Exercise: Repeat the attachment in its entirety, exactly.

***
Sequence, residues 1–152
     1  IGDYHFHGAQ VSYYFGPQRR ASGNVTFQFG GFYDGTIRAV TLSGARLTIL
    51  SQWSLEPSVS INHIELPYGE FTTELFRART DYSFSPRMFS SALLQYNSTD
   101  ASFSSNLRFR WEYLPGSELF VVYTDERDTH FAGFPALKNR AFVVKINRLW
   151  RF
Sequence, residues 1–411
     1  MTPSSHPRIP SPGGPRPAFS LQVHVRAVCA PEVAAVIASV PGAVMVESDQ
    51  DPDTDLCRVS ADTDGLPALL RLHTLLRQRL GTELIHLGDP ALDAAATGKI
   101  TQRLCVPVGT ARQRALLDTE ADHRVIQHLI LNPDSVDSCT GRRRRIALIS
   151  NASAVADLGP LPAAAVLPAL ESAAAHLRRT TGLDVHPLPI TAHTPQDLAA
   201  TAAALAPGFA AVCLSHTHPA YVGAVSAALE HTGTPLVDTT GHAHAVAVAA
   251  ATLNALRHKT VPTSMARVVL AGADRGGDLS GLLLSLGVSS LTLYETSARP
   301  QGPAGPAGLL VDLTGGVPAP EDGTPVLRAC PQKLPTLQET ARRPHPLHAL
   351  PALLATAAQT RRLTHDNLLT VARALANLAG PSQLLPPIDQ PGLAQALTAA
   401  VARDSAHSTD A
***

Sequence, residues 1–152
     1  IGDYHFHGAQ VSYYFGPQRR ASGNVTFQFG GFYDGTIRAV TLSGARLTIL
    51  SQWSLEPSVS INHIELPYGE FTTELFRART DYSFSPRMFS SALLQYNSTD
   101  ASFSSNLRFR WEYLPGSELF VVYTDERDTH FAGFPALKNR AFVVKINRLW
   151  RF
Sequence, residues 1–411
     1  MTPSSHPRIP SPGGPRPAFS LQVHVRAVCA PEVAAVIASV PGAVMVESDQ
    51  DPDTDLCRVS ADTDGLPALL RLHTLLRQRL GTELIHLGDP ALDAAATGKI
   101  TQRLCVPVGT ARQRALLDTE ADHRVIQHLI LNPDSVDSCT GRRRRIALIS
   151  NASAVADLGP LPAAAVLPAL ESAAAHLRRT TGLDVHPLPI TAHTPQDLAA
   201  TAAALAPGFA AVCLSHTHPA YVGAVSAALE HTGTPLVDTT GHAHAVAVAA
   251  ATLNALRHKT VPTSMARVVL AGADRGGDLS GLLLSLGVSS LTLYETSARP
   301  QGPAGPAGLL VDLTGGVPAP EDGTPVLRAC PQKLPTLQET ARRPHPLHAL
   351  PALLATAAQT RRLTHDNLLT VARALANLAG PSQLLPPIDQ PGLAQALTAA
   401  VARDSAHSTD A